The saving grace
    So what is Jobs most proud of?

    It's the new save panel, Jobs told reporters Wednesday when he unveiled the OS at Apple's headquarters in Cupertino, Calif. In OS X, a small, very simple save panel comes up, showing only the most likely places a person might want to save a document. However, with the click of a button, a complete file directory is available. In Windows and earlier versions of the Mac OS, the save panel has always been more complex and has a fixed, relatively large size.

    Jobs said that making something simpler is actually quite difficult, as is making something more powerful. But with the save panel, he said Apple has done both.

    "Doing something that is both at the same time easier and more powerful is really, really hard," Jobs said.

    In another feature likely to be well-received, OS X is equipped to manage the amount of memory needed by each program automatically. In the past, Mac owners had to dole out memory to each program themselves.

    "This is silly," Scott Forstall, director of application frameworks for Apple, said of the old method. "Users don't want to do that."

    Many of OS X's features are aimed at laptops owners, with Apple executives noting that more and more computer buyers are opting for portables. On Wednesday, Tevanian demonstrated a Titanium PowerBook G4 waking from sleep mode as fast as he could open the case.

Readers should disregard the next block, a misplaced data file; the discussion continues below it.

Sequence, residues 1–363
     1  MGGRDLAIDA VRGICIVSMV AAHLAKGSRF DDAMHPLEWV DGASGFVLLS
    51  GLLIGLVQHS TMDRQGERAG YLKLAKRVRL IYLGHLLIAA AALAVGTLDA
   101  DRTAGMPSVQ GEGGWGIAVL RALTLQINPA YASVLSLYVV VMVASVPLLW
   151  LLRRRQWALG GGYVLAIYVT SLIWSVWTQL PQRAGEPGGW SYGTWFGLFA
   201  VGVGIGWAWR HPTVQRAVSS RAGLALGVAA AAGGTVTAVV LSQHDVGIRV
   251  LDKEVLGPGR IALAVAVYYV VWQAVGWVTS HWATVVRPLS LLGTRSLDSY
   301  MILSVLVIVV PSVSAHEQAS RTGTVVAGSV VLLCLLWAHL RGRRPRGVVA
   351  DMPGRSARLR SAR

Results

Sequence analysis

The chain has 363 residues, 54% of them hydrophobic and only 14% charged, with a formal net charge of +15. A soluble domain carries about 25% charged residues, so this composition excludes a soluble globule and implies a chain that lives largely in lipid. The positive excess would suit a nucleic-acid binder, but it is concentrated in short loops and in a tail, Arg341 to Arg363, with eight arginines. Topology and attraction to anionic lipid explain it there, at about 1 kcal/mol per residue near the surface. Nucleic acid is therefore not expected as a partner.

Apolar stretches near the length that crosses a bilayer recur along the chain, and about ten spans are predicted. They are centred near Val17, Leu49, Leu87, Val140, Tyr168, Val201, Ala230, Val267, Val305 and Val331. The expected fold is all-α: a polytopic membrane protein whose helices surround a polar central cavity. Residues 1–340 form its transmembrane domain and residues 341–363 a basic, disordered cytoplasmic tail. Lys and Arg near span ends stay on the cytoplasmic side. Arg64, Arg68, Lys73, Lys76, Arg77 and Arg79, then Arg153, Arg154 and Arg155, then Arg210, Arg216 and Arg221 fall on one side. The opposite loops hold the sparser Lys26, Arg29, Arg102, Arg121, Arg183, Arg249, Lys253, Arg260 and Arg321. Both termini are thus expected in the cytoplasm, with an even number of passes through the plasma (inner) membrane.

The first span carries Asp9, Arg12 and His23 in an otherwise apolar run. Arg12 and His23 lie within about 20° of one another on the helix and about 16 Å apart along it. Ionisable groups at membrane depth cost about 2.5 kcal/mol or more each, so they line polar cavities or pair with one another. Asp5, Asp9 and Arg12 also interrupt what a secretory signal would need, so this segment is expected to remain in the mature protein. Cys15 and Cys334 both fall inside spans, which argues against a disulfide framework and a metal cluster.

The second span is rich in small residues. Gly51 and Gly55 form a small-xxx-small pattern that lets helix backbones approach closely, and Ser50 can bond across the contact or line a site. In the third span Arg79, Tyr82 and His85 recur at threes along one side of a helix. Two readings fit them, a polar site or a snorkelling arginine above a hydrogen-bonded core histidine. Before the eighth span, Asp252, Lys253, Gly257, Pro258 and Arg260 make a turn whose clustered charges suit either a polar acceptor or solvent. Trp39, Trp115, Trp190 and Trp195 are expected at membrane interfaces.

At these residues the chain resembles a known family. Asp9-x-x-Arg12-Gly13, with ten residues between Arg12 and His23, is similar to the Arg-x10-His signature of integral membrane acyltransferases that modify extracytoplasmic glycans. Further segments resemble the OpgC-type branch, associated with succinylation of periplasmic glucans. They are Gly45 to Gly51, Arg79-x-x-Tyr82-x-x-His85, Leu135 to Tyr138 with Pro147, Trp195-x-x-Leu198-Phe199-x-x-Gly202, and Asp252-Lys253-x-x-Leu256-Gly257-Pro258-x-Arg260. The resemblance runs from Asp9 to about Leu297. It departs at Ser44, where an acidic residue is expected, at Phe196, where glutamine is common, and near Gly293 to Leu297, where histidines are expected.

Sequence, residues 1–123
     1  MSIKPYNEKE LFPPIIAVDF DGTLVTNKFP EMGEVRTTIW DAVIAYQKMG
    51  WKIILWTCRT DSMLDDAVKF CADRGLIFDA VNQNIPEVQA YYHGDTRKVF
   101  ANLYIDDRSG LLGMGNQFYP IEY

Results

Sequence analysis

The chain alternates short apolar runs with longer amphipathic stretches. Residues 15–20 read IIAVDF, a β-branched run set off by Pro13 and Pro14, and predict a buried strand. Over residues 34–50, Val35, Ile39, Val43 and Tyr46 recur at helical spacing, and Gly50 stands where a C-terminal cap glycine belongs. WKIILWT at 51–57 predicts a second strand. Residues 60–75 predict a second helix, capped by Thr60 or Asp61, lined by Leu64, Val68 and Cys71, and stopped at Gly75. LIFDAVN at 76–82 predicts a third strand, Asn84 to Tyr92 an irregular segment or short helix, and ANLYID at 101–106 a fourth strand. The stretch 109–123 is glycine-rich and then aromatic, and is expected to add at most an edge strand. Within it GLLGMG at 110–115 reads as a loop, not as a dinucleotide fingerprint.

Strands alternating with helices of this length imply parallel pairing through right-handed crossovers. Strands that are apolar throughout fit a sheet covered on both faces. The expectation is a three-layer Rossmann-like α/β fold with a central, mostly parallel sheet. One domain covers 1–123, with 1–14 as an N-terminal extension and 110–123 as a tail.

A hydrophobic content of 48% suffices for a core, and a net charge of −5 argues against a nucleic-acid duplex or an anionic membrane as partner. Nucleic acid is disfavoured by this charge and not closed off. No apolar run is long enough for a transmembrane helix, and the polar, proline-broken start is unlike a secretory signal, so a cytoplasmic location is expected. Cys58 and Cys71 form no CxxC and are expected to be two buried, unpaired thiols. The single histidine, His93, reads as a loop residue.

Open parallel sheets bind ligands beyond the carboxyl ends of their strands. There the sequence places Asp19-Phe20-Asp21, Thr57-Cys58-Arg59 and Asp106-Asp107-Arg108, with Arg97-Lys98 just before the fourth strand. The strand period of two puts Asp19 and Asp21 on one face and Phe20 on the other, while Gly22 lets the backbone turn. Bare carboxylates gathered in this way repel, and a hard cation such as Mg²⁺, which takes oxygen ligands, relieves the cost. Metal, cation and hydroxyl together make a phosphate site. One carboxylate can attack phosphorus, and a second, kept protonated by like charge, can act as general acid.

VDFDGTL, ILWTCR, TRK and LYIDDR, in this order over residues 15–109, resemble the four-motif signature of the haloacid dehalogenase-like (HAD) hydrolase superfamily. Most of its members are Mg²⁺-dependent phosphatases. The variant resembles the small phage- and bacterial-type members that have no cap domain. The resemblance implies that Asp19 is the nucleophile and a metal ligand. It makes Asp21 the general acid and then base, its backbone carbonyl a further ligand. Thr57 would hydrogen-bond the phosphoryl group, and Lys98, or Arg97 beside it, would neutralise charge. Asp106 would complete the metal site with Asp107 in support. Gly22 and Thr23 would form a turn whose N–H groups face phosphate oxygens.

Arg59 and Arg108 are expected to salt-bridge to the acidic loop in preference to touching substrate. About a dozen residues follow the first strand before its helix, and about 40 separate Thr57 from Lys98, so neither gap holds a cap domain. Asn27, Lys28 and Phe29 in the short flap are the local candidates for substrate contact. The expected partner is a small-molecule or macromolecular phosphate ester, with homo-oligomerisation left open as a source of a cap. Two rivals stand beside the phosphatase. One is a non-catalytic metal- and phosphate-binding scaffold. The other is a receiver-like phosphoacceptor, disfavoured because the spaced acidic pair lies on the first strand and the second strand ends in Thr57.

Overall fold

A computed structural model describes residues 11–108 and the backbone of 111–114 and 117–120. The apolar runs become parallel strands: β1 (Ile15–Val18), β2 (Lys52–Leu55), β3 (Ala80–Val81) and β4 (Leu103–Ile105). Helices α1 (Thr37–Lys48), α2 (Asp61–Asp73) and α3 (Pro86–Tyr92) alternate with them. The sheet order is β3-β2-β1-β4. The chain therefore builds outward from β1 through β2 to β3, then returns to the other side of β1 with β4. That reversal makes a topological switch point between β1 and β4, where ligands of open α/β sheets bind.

"This is instant on," he said. "It really works. When you can do this instead of (even waiting) 5 to 10 seconds...it gives you a new way to work."

    A looker, too
    Apple's improved graphics range from new key technologies to the kinds of obscure bells and whistles for which Apple is known.

    Aside from just sporting a new look, OS X improves the way graphics are manipulated, whether it is a picture, a 3D image or a movie. The new operating system is also adept at managing the images as they move across a screen. For example, Apple executives showed how a thumbnail of a QuickTime movie can be dragged across an animated 3D image with both items partly visible, thanks to a powerful compositing algorithm.

    Apple's graphics prowess is also evident with the screen saver, which offers a slide show of stored photographs. It zooms in and moves artfully from one photo to another. Such a move appears simple but is actually quite taxing on hardware.

    In trying to plan for the future, Apple tried to use standard formats for many of the types of files that build up in a computer system. Preference files, for example, are stored in the Web format XML (Extensible Markup Language). Similarly, Mac OS X can output from any program as a PDF file, the type used by Adobe's Acrobat.

    Deal said using file formats that are not specific to the Mac makes sense.

    "Apple has certainly tailored OS X to the Internet environment," Deal said. "PDF is one of the most popular file formats for viewing text over the Internet."